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Tor-Ivar Krogsæter
Student, organist, taekwon-do-instruktør
Student, organist, taekwon-do-instruktør

Tor-Ivar's posts

In D&D there are some very simple, streamlined rules for creating magical scrolls, including simple rules for setting their price. I cannot find any such rules neither in the PHB not GMG for Hackmaster. Do anyone have any rules for setting the selling price and/or crafting cost for magical scrolls, as well as for creating them oneself?

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Veldig interessant mann, Neil deGrasse Tyson. Og det er interessant å høre amerikanere som ikke er flat-eartheans eller annen galskap, men som faktisk setter sunn fornuft først.

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An interesting, fairly thorough metaanalysis of dice analyses. It also includes a link to the now quite well-known saltwater die testing method.

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Tor-Ivar Krogsæter commented on a post on Blogger.
‘… like someone else said, you're more of a combat monster by specializing in one weapon than being able to not hurt yourself with several.’ Which more or less sums up who should consider buying this talent. Fighters, maybe not, but rogues, thieves or assassins might very well benefit greatly from it.

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Det er kanskje bare meg, men når jeg ser bilder av jorda og sola i riktig størrelsesforhold, synes jeg det er skremmende. «The universe is infinite but this battle is finished.»

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Here is a good idea for character creation: Drafting. The basic idea is that each player rolls a set of stats, and these get entered into a pool for which the players get to choose each in order. Here’s my take on it:
Note: I really haven’t added much; it really is Jerimy G.’s design.

Felix, Cat, Betty and Boop (4 players) roll:
STR: 7, 6, 9, 13
INT: 9, 6, 13, 15
WIS: 7, 9, 14, 15
DEX: 7, 11, 12, 10
CON: 8, 6, 9, 14
LKS: 10, 10, 18, 9
CHA: 9, 12, 10, 12

They all roll dice to see who gets to pick first, and then take turns in order picking from the pool in order of stats. Felix wins the roll, and wants to play a fighter, so he picks the 13 for his STR; Cat, Betty and Boop then get to pick from the 6, 9 and 13. Cat is next in line for picking first, and wanting to play a clever fighter who might not be so strong, she adds 13 for her INT, allowing Betty to get the 15 since she wants to play a mage. This continues until all four players have had a chance to pick first. As they are four players and there are seven stats, they then can either choose the stat they rolled themselves for the remaining three, or the HM could roll an extra pool of stats for Boop, which she may opt for instead of fourth, third and second pick for CON, LKS and CHA.

As this method removes the really poor rolls from the character generation, as well as assuring one single player who happens to roll really high stats doesn’t end up with outdoing everyone else in the group, it might be a method worth considering.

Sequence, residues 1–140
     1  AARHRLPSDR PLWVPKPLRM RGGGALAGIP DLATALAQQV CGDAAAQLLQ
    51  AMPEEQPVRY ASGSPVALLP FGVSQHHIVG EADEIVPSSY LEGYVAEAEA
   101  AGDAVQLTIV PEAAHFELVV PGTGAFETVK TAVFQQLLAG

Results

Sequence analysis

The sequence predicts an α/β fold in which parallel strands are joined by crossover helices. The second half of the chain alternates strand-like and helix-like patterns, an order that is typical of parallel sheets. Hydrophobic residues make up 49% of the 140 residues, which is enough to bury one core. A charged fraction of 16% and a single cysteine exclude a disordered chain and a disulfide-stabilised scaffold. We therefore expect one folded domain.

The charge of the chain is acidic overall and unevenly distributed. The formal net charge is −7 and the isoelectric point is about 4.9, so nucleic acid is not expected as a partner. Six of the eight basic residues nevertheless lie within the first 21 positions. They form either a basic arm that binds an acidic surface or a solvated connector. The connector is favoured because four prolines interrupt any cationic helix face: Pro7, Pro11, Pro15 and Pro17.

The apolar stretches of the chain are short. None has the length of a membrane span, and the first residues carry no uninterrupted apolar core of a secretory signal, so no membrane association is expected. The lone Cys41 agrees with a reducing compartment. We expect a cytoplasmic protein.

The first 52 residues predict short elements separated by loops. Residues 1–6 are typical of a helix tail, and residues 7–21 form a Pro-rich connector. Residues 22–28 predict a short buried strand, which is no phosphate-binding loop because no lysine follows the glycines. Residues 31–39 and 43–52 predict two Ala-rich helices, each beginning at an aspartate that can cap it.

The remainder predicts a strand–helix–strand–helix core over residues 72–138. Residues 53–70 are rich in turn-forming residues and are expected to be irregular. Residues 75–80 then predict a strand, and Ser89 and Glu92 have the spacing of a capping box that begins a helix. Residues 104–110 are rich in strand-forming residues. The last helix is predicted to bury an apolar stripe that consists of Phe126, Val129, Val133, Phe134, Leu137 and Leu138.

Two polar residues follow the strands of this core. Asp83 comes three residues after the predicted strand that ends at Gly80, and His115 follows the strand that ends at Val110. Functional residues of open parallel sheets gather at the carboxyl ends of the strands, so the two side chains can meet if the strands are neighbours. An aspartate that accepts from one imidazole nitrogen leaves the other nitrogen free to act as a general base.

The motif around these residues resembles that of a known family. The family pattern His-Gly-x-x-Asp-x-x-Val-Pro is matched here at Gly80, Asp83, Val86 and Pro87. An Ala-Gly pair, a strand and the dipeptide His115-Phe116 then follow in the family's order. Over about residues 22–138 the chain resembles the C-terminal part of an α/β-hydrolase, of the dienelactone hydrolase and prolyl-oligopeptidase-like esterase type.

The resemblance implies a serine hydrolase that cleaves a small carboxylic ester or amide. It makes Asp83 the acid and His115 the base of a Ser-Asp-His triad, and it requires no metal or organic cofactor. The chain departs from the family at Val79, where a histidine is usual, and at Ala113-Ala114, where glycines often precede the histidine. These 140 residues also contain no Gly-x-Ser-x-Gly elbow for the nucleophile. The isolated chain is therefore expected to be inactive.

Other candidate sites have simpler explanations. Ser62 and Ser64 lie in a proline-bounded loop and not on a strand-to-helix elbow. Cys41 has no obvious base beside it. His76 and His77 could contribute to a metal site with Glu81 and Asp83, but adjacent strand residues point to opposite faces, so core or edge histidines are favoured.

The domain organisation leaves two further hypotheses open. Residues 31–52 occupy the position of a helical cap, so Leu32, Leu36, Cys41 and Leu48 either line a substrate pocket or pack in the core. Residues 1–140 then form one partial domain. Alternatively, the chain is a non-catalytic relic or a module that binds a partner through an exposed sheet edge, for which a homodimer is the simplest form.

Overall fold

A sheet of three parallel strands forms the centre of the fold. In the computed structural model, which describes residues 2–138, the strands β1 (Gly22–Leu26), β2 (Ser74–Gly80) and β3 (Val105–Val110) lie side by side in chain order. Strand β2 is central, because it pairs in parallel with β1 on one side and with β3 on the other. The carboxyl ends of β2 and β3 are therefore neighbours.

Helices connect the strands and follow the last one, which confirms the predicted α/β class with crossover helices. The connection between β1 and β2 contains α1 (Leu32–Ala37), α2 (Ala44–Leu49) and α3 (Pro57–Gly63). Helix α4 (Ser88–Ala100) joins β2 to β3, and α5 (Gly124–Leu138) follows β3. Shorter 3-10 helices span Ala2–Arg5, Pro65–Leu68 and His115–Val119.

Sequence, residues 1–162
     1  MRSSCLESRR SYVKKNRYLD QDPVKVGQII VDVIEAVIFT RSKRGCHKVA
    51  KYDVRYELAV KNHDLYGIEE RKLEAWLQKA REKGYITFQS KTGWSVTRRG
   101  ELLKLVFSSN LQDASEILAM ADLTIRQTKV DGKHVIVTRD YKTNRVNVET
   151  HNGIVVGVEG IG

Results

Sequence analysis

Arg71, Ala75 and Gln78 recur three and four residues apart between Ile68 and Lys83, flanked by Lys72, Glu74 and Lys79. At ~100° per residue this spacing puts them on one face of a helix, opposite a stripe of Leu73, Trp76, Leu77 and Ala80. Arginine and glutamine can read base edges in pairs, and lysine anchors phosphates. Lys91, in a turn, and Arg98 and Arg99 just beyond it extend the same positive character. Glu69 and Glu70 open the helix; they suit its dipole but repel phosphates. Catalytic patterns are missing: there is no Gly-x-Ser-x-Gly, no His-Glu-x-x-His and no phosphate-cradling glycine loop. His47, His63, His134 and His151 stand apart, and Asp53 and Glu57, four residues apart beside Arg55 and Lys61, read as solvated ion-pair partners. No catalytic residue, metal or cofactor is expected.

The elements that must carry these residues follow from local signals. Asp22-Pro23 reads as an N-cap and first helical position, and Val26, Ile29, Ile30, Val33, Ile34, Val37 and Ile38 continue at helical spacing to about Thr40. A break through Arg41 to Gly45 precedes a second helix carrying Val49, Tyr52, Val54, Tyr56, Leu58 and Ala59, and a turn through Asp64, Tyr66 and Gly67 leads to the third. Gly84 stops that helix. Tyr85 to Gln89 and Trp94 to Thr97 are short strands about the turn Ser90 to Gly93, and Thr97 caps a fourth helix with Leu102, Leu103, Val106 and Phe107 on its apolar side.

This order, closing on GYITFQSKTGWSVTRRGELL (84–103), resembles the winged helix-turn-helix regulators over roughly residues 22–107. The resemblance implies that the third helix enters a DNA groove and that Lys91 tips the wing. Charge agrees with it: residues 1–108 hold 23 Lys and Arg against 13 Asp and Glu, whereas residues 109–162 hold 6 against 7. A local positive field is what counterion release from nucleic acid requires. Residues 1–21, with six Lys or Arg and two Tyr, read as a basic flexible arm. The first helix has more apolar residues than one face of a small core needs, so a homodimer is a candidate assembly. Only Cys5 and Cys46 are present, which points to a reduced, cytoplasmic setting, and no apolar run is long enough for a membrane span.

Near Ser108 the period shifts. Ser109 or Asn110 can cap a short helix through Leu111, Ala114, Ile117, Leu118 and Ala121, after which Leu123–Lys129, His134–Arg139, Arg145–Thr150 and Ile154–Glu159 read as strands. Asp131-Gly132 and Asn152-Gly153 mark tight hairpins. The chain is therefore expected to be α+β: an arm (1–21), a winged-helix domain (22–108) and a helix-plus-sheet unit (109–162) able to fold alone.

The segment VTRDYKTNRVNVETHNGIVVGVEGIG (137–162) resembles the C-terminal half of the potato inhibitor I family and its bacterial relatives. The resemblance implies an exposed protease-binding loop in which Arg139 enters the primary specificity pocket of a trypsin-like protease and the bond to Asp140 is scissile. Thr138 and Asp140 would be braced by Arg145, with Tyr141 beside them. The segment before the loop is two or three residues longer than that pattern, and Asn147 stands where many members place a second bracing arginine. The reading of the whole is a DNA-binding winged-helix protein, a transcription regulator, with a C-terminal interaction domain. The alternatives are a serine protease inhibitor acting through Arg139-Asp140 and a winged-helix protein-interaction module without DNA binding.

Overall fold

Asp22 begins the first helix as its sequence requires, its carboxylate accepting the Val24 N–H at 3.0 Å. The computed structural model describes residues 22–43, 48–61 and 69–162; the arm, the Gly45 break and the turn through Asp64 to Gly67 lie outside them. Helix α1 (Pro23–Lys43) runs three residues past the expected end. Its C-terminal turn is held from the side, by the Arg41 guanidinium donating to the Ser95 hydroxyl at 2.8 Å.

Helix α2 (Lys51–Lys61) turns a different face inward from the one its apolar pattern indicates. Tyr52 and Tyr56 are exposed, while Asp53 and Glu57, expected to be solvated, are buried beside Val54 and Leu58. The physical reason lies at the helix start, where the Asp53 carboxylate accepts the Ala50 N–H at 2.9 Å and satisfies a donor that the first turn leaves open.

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What would you like the most for Kenzer & Co. to release in the near future? (List based on ‘Here is what we’re focusing on at the moment’ at, but limited to five alternatives by G+.)
votes visible to Public
New adventure or campaign
P’Bapar or KoK setting
Mines of Chaos
Jorikk material and/or Zealot’s Guide[s]
GM screen

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I couldn’t agree more; it sounds hilarious! Anyone up for trying?

‘I think an all-cleric party with everyone trying to fill the traditional roles would be a hilarious experiment.’

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It’s all in the details. When drawing illustrations for mediaeval #roleplaying #games , why not include small details like twelth century numerals?

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Excellent resources for anyone interested in heraldry:

* The Close Skeleton Genealogical Society: Heraldry*
Some details about the does and dont's; it also includes a section on the traditional ways of drawing colours in black and white (stripes, dots, etc.).

* Store norske leksikon: ‘heraldikk’*
This is the major Norwegian encyclopaedia (our Britannica). This article on heraldry is very well written and contains tons of information both on the history and the technicalities involved in heraldry.

* Freepik:*
Contains tons of images for all kinds. I found multiple images useful for heraldry and coin drawings, particularly this one:

* International Heraldry and Heralds:*
I cannot not mention this site, of course. It includes a FAQ section, lists examples, and has a genealogy section. Worth the visit.

* Family Trees and Secrets:*
Though the site is horrible (as so often with professional craftsmen’s sites), the information is of interest. They have a section listing all sorts of symbols and what they mean, as well as a description of how different compositions of the heraldry can reflect different things.

* Encyclopædia Britannica: ‘Heraldry’*
Britannica is of course no stranger to thorough, scholarly articles on most things of interest, and this seventeen-thousand-word article is no exception. If you do not have access from your home, you probably do via your local library.

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